Today we complete our look at the devastation wrought by Hurricane Dora in 1964.
Gradually, the waters from Hurricane Dora receded, revealing millions of dollars’ worth of damage to homes, businesses and government buildings. Over the next few days and weeks, businessmen and citizens worked together to clean up what they could. Such was the camaraderie and honesty of the locals that many citizens took home and cleaned/washed flooded clothes and goods on their own dime and time, then brought them back to the originating store so that the owner could sell them at a reduced rate.
Suwannee County Schools were out of class for a week due to flooding and damage to school buildings, most notably the High School, whose foundation was permanently damaged by subsurface activity. No one was allowed into the abandoned building except for maintenance crews, who removed what books and equipment they could. When classes finally resumed, a number of alternate locations were used while the School Board decided how to go about building new schools. One of the alternate locations was the old armory (which had been superseded by the current structure a few years prior to Dora); the upstairs portion that had been a basketball court was partitioned into classrooms while the lower floor was converted into further class space, a library and an office. The Educational Building of the First Baptist Church, the barracks of the Nettie Baisden School, and the old band building were other temporary classroom locations. Practically every Suwannee Democrat newspaper for the next few months had some mention of Hurricane Dora and its aftereffects. For many weeks, pumps were operating continually in order to move water from flooded areas.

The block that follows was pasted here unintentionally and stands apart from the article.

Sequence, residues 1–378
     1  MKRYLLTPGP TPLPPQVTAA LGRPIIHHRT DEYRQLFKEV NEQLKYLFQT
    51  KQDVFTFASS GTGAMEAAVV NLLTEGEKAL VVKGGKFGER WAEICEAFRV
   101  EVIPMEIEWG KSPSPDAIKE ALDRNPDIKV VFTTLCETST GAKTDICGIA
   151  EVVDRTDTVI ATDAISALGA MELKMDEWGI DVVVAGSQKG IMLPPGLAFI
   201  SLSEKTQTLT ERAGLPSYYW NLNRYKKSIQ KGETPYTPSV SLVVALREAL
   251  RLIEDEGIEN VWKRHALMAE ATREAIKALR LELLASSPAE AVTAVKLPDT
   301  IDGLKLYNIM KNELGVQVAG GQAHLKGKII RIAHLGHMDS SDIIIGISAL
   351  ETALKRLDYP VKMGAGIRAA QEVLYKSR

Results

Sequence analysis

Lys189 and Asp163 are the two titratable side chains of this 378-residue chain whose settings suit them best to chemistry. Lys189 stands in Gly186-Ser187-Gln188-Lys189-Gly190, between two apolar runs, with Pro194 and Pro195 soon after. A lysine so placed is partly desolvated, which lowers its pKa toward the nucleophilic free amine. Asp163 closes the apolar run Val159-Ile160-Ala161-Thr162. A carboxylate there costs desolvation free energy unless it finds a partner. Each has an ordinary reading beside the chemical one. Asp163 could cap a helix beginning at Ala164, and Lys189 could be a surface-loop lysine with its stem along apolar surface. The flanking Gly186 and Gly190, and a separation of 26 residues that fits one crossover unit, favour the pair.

It was after Hurricane Dora that a dramatic change occurred to the center of Live Oak as many old buildings were torn down to make way for newer ones. Many of the historic homes that had stood since the turn of the century were demolished, and such old landmarks as the Parshley Building, the Suwannee Hotel and Governor Cary Hardee’s home (once thought of as “way out of town”) were replaced by modern businesses as the city expanded its boundaries and modernized its look. Some of these demolished buildings had been badly flooded during Hurricane Dora, but others were simply deemed too old and unfit for repair. School locations outside of downtown Live Oak were discussed, approved and bonds funded, leading to several new schools on the south part of town over the next decade.
Because of the devastation caused by Dora, the name was retired from the hurricane list and replaced by “Dolly,” which remains today. Until 2012’s Tropical Storm Debby, Hurricane Dora was also the most expensive natural disaster in Suwannee County’s history.
More history next week.
Eric Musgrove can be reached at firstname.lastname@example.org or 386-362-0564.